It’s always a great pleasure to work with Elizabeth Foy Larsen, Tony Leone, Cara Ciardelli, and Mister Reusch on an UNBORED project. In January, the brainy toy and game company MindWare released our fifth UNBORED activity kit: UNBORED ROAD TRIP. The kit’s purpose is to help families pass the time, without resorting to screens, on long car trips. But we’ve heard from friends that it’s fun for the whole family even when used to pass the time at home — during an epidemic, for example.
It was fun to win a 2020 PAL [Play Advances Language] Award, which singled out the ROAD TRIP kit’s activity pads (“The language opportunities and prompts on these activity pads are great for building narrative and story-telling skills while working on spatial awareness and having fun!”) and its Conversation Cards.
Tony and Cara, I miss sharing an office with you…
I signed up, this year, as founding editor of a forthcoming MIT Press series of reissued Radium Age proto-SF novels and stories. Aware of my 2008–2016 research and publishing efforts in this area, MITP’s Susan Buckley persuaded me to submit a series proposal… which was well-received by peer reviewers and the MITP editorial board… so here we are.
MITP editor Noah Springer and I have shepherded three novels and a story collection through the approval process for Spring 2022; and three additional novels have been approved for Fall 2022. I’m so pleased with the Spring 2022 introductions written by Annalee Newitz, Astra Taylor, and Sarah Cole, and eagerly anticipate the introductions and afterword I’ve assigned for Fall 2022. Plus: I am thrilled to announce that Seth, my favorite living cartoonist, will illustrate the books’ covers!
At the end of December, I finally got around to writing my own contributions to the Spring 2022 lineup: an afterword to one of the three novels, an introduction to the story collection, and a short series introduction that will appear (I think) in every book.
I’m grateful, for their counsel, to the Radium Age series’ advisory panel: Annalee Newitz | Anindita Banerjee | David M. Higgins | kara lynch | Ken Liu | Sean Guynes | Sherryl Vint. These scholars were kind enough to say “yes” when I asked them to be advisors to the project.
It’s been a treat working with Noah Springer; if we actually pull this off, it will be in no small part thanks to his calm guidance. Finally, I’ve enjoyed my conversations with many erudite SF scholars, in addition to those who joined our panel, from around the world. I look forward to further collaborations with the global community of SF critics, historians, and exegetes in 2021.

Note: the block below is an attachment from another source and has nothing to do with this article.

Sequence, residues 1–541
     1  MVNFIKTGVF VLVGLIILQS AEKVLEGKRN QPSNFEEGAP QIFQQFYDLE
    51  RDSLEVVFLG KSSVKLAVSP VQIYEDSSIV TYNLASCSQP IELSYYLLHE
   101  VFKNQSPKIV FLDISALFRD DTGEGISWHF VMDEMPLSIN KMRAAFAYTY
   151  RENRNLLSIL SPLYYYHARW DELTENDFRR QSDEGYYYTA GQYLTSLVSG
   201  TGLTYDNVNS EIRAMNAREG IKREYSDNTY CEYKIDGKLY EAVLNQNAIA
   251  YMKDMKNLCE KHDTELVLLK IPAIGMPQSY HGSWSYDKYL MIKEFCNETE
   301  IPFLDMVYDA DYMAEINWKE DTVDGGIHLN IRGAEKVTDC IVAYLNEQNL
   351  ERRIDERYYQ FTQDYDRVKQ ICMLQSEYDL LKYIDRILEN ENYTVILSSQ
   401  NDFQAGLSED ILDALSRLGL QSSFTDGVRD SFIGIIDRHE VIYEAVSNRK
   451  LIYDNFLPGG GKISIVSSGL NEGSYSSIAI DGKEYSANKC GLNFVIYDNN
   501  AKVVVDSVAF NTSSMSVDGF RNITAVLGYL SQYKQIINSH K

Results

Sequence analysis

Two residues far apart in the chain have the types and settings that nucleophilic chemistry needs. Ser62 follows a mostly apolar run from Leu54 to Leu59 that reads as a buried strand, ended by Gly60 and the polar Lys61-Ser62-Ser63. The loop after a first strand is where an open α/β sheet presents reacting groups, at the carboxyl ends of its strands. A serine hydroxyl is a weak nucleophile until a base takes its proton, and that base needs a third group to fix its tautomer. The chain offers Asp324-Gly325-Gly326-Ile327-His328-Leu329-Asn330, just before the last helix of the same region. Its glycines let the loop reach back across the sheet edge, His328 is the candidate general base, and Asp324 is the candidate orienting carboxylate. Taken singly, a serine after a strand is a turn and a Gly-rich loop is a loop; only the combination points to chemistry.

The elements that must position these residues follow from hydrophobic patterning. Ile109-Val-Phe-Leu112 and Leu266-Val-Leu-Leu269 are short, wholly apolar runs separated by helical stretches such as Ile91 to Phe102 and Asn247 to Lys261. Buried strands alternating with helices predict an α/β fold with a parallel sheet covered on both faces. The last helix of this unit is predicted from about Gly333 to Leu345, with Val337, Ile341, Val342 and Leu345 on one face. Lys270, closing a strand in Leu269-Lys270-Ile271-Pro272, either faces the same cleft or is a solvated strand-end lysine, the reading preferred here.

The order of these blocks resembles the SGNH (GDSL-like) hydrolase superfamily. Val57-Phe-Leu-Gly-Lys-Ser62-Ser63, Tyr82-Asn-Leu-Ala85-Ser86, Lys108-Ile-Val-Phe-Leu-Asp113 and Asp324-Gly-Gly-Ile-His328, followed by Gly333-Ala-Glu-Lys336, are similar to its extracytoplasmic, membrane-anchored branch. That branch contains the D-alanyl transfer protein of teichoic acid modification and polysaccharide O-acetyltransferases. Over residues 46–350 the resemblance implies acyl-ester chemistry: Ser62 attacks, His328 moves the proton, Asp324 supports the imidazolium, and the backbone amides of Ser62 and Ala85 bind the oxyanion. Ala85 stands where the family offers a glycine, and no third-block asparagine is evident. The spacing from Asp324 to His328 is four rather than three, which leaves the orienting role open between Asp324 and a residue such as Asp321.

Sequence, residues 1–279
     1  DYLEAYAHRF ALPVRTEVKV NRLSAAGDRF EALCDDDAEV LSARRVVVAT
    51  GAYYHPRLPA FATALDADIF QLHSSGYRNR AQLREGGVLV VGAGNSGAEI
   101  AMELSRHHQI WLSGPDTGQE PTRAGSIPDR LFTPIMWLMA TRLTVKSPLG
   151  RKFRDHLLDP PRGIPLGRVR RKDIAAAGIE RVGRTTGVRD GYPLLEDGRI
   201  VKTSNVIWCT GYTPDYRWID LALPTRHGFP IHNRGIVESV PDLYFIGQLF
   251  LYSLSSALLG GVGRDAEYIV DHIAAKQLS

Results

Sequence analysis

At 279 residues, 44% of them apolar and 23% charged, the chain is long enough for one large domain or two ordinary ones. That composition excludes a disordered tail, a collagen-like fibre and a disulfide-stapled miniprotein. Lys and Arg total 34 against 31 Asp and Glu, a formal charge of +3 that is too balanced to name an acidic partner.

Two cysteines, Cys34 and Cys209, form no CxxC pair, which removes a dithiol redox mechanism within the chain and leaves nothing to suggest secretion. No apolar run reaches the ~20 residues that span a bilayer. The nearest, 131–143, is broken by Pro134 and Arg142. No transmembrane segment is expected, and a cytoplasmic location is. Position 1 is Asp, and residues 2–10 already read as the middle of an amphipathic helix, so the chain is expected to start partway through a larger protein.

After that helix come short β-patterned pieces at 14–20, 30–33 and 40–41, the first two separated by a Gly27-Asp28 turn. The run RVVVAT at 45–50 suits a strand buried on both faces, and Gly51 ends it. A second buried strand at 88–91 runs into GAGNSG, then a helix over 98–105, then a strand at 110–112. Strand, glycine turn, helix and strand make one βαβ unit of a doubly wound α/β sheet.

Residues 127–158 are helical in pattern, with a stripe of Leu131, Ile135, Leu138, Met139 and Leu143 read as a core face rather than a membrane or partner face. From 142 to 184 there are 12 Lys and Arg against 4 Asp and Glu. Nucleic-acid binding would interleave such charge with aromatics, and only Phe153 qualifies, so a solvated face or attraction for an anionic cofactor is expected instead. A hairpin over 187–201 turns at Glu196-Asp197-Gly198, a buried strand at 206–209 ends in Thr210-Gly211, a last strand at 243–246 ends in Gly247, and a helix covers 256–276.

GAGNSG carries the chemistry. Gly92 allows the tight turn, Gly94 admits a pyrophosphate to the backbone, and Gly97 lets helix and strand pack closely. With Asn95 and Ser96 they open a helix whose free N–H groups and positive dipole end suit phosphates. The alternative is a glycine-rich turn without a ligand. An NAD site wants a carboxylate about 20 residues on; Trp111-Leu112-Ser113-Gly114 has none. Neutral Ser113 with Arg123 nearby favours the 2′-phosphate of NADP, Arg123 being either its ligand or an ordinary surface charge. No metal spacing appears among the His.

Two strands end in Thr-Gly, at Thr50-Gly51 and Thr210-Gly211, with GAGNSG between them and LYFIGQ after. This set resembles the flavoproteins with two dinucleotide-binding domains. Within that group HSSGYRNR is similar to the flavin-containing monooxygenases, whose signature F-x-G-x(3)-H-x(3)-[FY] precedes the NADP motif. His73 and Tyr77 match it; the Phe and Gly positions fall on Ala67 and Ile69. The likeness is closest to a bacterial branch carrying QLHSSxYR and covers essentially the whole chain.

Rob Walker and I began collaborating on SIGNIFICANT OBJECTS in 2009. Over a decade later, we’re still collaborating on object-related projects.
During 2Q2020, PROJECT:OBJECT published its ninth volume of nonfiction narratives devoted to significant objects, here at HILOBROW. This time, the volume’s theme was: MOVIE OBJECTS. Rob and I invited 25 writers to discuss objects — whether, e.g., props used in stage business to establish character, synecdochical or metonymic keys unlocking the movie’s theme, or MacGuffins — from movies. Here’s the lineup:
Ramona Lyons on EYE OF THE SERPENT (CONAN THE BARBARIAN) | Faythe Levine on BEDKNOB (BEDKNOBS AND BROOMSTICKS) | Gerald Peary on CUP OF COFFEE (THE BIG HEAT) | Christopher Orr on TOM’S HAT (MILLER’S CROSSING) | Lynn Peril on TRANSISTOR RADIO (DR. STRANGELOVE) | Whitney Bowers on DUCT TAPE (NOW AND THEN) | Kio Stark on CANDLE (DEBBIE DOES DALLAS) | Tom Roston on CALCULATOR WATCH (BREAKFAST CLUB) | Miranda Mellis on LIMOUSINE (MELANCHOLIA) | Carolina A. Miranda on HAUNTED ACCORDION (THE WIND JOURNEYS) | Vanessa Berry on FIBREGLASS MARLIN (LOVE SERENADE) | June Thomas on CERAMIC DUCKS (A TASTE OF HONEY) | Madeline Ashby on LETTERS OF TRANSIT (CASABLANCA) | Dave Walker on ETTINAUER 226-XL (REAL LIFE) | Jonathan Lethem on SINGLE-JACK HAMMER (EARTH ABIDES) | Guy Trebay on STAMPS (CHARADE) | Annie Nocenti on PASSPORT (THE PASSENGER) | Tony Arcabascio on SHEEPSKIN COAT (BEAT STREET) | Alix Lambert on TYPEWRITER (MARY AND MAX) | John Sellers on WHITEBOARD (A QUIET PLACE) | Carlo Rotella on POWDERING CONE (REIGN OF TERROR) | Laura Miller on SEVERED EAR (BLUE VELVET) | Josh Glenn on CASSETTE TAPE (BREATHLESS) | Vicente Lozano on NOTEBOOK (WHERE IS THE FRIEND’S HOME?) | Jeff Malmberg on SPAGHETTI SAUCE (THE GODFATHER).
Rob and I want to thank the series’ contributors, many of whom donated their fees to the ACLU.
In other SIGNIFICANT OBJECTS news…